Chronic, unresolved grief. Intense, unexpressed feelings of sadness and loss lasting for months can significantly suppress the immune system and speed disease progression. On the other hand, working through grief enhances immune function.

Social support. Talking openly about life difficulties with trusted friends or loved ones can provide a buffer against the immune-suppressing effects of stress and depression. HIV positive men with low levels of social support have shown faster CD4 declines than those with substantial amounts. Long-term survivors characteristically utilize social support, often from other PWAs.

Self-assertiveness. PWAs who practice a proactive approach have boosts in both the amount and the strength of NK cells. Also, long-term survivors and nonprogressors show a common assertive-personality profile.

Sustained stress. The North Carolina study was the latest of several to find that chronic, intense stress can decrease levels of CD4 and CD8 cells, and speed HIV disease progression.

Crisis-coping capacity. Long-term survivors generally demonstrate the ability to accept and manage crises, while a pattern of denial and repression predicts symptom development. An active coping style is associated with increased NK functioning.

Nondisclosure. Gay men who conceal their gay identities progress to AIDS faster than do those gay men who are out. A similar correlation applies to openness about HIV status.

Chronic depression. Depressed HIV positive men lose CD4 cells faster than do their non-depressed counterparts; depression plus hopelessness strongly predicts CD4 decline.

Life purpose and goals. Pursuing life goals is a common characteristic of long-term survivors, who often have a sense of purpose and a commitment not only to address unfinished business but to make new meaning from the disease itself.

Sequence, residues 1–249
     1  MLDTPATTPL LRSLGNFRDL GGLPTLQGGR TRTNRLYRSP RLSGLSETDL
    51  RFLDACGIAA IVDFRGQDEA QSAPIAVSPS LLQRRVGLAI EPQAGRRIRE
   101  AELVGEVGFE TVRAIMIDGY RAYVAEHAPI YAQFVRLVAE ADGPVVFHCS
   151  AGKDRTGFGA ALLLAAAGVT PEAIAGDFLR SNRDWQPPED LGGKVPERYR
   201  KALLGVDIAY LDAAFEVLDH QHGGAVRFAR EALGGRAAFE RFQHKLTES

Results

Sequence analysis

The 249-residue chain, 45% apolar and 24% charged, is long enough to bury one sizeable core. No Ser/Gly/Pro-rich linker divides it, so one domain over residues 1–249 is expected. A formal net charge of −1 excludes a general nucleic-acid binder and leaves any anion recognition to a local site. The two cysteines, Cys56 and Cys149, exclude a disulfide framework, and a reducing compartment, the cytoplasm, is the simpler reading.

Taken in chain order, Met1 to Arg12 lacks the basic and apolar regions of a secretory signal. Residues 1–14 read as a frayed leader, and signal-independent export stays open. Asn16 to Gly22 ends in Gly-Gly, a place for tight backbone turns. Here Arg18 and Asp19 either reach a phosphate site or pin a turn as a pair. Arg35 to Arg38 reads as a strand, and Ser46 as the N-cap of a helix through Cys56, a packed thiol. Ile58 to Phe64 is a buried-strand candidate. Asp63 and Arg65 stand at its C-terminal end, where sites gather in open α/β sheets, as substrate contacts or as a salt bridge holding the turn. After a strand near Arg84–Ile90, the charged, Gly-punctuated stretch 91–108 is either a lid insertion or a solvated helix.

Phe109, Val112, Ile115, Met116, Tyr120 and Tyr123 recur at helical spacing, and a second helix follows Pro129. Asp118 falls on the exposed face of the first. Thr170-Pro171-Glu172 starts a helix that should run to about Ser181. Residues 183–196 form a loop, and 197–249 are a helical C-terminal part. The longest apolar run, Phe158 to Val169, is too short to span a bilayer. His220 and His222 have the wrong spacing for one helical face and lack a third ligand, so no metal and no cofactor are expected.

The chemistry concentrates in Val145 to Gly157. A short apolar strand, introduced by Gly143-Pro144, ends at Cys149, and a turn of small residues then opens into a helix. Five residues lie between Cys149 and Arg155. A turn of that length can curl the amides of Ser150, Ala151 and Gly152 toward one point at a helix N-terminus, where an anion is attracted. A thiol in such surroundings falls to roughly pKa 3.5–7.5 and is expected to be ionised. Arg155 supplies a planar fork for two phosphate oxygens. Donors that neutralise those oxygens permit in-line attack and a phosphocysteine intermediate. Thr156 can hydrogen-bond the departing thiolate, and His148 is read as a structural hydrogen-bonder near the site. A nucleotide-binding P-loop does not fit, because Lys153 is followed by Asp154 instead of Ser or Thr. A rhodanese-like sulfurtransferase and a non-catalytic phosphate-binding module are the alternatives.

During the 1980s, as evidence of this stress-survival link accumulated, I worked with mental health professionals and people with HIV to develop a program to help PWAs manage harmful psychological patterns and so improve immunity and overall health. In 1992 I launched LIFE, or Learning Immune Function Enhancement, a three-month program with group and individual counseling, at San Diego’s Lesbian and Gay Men’s Community Center. More recently I brought LIFE to Shanti Project, a community-based HIV support agency in San Francisco. The University of Miami offers a similar HIV program that provides stress management, bereavement support groups and aerobic exercise training. Harvard Medical School operates the Mind/Body/Spirit Program for HIV in which participants learn to manage stress via analysis of “negative” thoughts, journal writing, expression of emotion and humor.